‘Incels’: Threat assessment experts point to danger posed by ‘involuntarily celibate’ men

When class began, Beierle grabbed his hearing protection and a loaded gun, entered the classroom, and opened fire. He killed two women, injured four others, then turned the gun on himself.
Police, during their investigation into the incident, uncovered a long history of hatred towards women, allegations of sexual assault and homophobic and racist comments.
Now, threat assessment experts at the US Secret Service’s National Threat Assessment Center are using the Tallahassee murder-suicide to better understand the threat posed by so-called involuntarily celibate men, often referred to as “incels.”

“The term ‘incel’ is often used to describe men who feel unable to obtain romantic or sexual relationships with women, to which they feel entitled,” according to researchers in a new case study report released Tuesday. .

“This attacker’s story highlights the specific threat posed by misogynistic extremism,” the researchers wrote in the case study. “This gender-based ideology, sometimes referred to as ‘male supremacy’, has received increased attention in recent years from researchers, government agencies and advocacy groups due to its association with high-profile incidents of mass violence. .”

The detailed examination of Beierle’s story illustrated common patterns of behavior and highlighted many possibilities for intervention.

“The behavioral history of the Hot Yoga Tallahassee abuser illustrates many behavioral threat assessment themes identified through years of US Secret Service research examining targeted violence,” the report said.

The Secret Service report showed that Beierle regularly wrote about and engaged in violence against women. “The Hot Yoga Tallahassee abuser was motivated to commit acts of violence by his inability to develop or maintain relationships with women, as well as his perception of women’s societal power over men,” said Steven Driscoll, deputy director of the National Threat Assessment Center.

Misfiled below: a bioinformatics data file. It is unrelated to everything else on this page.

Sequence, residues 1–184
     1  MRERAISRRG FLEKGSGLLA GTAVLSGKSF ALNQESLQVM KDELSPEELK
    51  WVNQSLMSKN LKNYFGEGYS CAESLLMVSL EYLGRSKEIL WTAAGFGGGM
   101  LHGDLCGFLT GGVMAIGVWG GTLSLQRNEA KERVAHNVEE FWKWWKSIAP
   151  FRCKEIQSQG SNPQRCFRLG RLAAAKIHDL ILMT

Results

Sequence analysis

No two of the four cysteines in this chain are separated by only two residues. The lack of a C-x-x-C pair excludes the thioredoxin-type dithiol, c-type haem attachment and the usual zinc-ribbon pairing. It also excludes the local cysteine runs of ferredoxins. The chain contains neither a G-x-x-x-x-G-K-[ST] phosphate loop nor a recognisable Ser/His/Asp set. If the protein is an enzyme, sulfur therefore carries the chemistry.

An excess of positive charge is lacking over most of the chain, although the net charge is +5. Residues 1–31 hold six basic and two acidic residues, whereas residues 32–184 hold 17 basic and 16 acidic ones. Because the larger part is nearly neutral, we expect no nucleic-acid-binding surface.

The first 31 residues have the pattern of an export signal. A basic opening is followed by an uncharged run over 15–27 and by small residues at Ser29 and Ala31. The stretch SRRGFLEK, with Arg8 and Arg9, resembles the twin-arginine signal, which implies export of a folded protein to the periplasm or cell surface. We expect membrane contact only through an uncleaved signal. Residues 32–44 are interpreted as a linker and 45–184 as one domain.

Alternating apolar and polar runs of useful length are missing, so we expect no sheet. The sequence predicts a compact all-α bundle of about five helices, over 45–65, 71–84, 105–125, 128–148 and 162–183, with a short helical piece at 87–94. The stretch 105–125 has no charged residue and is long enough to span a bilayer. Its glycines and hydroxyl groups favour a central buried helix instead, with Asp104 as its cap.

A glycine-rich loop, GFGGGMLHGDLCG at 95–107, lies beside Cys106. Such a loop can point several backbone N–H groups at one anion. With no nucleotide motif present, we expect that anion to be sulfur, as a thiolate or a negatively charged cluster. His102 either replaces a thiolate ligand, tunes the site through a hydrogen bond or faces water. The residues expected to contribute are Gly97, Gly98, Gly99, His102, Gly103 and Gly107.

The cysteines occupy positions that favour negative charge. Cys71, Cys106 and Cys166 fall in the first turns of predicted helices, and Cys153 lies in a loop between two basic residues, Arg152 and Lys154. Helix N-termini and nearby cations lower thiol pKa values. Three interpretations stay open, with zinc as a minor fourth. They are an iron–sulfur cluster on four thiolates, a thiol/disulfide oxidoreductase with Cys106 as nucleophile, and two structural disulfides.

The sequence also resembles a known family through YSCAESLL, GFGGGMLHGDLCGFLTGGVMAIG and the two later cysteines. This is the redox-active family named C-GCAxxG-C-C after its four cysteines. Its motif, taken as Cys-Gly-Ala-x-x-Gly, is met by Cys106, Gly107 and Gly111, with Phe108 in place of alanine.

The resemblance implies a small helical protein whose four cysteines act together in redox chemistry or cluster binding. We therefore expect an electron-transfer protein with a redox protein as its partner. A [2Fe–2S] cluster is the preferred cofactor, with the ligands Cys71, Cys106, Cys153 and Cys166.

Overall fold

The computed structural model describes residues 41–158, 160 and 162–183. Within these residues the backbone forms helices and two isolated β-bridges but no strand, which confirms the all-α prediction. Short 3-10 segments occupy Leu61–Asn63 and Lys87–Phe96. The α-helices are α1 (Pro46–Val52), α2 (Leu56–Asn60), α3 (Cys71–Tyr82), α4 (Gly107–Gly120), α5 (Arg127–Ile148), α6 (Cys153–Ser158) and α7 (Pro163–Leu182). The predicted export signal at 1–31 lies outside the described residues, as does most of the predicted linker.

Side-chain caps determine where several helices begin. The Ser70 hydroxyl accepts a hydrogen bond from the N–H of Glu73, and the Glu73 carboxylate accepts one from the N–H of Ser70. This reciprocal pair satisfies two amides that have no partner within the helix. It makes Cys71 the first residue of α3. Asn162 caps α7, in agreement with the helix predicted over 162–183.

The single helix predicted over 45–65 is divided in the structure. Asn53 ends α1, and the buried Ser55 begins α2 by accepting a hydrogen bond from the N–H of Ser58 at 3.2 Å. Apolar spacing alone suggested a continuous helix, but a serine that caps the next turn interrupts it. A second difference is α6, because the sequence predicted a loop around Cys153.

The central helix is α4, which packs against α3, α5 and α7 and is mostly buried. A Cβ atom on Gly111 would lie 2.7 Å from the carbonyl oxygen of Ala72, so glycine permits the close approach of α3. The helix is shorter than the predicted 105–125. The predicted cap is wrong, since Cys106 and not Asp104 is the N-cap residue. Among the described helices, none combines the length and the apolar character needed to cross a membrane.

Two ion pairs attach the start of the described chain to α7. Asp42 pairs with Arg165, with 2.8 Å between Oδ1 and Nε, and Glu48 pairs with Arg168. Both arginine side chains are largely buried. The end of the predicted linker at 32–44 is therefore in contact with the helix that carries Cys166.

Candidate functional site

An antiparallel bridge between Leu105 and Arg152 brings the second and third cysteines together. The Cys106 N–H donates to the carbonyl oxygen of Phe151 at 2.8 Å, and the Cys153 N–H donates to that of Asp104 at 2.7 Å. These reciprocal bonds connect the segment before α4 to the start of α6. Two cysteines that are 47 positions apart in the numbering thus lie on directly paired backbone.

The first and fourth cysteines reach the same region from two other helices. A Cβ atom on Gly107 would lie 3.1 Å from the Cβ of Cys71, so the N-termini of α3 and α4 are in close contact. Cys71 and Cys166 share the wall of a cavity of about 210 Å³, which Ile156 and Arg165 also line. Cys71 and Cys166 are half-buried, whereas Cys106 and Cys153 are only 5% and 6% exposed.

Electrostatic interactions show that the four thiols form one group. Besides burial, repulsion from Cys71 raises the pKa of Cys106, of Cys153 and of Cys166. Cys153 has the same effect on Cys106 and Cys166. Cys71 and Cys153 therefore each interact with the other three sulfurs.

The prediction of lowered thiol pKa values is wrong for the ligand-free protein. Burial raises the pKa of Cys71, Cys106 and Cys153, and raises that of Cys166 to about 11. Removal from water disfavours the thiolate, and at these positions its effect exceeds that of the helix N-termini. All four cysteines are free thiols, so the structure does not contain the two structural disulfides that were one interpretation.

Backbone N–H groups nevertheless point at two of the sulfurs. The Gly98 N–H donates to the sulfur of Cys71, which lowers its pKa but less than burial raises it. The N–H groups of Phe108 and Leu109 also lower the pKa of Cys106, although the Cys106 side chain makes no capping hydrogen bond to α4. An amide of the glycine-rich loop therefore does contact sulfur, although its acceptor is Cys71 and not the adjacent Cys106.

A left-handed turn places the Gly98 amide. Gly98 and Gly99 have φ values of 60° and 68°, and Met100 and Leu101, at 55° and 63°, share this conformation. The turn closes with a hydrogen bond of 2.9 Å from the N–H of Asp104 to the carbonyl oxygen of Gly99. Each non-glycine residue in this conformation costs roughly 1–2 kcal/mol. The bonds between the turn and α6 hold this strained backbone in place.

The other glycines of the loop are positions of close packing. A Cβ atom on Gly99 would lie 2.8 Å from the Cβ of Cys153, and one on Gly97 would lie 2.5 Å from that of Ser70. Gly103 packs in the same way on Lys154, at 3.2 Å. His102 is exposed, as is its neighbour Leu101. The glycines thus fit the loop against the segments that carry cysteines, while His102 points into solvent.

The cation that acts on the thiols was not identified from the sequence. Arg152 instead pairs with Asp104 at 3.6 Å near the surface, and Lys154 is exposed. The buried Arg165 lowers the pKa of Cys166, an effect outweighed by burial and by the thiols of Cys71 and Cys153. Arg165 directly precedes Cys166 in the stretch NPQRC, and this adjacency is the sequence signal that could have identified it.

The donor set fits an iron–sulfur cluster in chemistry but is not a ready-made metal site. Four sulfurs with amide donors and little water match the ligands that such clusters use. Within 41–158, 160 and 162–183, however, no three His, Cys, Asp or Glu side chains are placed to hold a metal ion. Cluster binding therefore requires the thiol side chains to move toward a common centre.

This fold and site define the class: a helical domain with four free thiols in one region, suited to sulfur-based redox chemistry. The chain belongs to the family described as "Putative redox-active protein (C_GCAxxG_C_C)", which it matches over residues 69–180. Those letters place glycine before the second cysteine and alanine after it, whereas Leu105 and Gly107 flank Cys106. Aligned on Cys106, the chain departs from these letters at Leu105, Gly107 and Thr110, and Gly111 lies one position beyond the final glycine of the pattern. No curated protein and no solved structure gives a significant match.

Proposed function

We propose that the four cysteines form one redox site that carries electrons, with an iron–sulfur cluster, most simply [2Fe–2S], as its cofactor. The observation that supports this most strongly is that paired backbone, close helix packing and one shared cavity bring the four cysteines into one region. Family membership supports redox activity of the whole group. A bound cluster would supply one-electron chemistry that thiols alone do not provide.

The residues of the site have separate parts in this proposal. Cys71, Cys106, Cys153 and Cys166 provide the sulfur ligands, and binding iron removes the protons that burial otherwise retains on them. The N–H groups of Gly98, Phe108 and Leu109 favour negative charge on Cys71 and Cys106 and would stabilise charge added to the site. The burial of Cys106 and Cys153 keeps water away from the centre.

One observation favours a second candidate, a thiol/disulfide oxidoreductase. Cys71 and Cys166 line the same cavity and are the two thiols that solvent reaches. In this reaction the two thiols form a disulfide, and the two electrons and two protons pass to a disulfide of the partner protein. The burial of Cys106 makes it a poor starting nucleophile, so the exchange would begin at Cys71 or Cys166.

The story of Beierle’s behavior, according to the report, “highlights the specific threat posed by misogynistic extremism.”

One theme the report points to is that Beierle faces a lack of consequences. For example, the report notes that it had been charged several times from the battery, but the charges were dropped. Other behavioral threat assessment themes identified by the Secret Service included failed aspirations, lack of financial stability, bizarre behavior, harassment, and murderous ideas.

The number of high casualty events such as school shootings and misogynistically motivated killings in recent years has led to a dramatic increase in requests for Secret Service training, researchers have said.

Lina Alathari, head of the National Center for Threat Assessment, estimated that the number of participants in threat assessment and targeted violence trainings exceeded 26,000 last year.

Scholars noted that Beierle’s behavior was extreme and reflected a combination of misogyny and white supremacy, highlighting the need for more studies of male supremacy as a motivating ideology.

“You often see a crossover between misogynistic views and white supremacy, far-right ideology, as well as, in some cases, far-left ideologies,” Driscoll said.

“The body of research examining misogyny as an extreme ideology and incels in particular, as well as its intersection with other ideologies like white supremacy, as an area of ​​research, is growing.”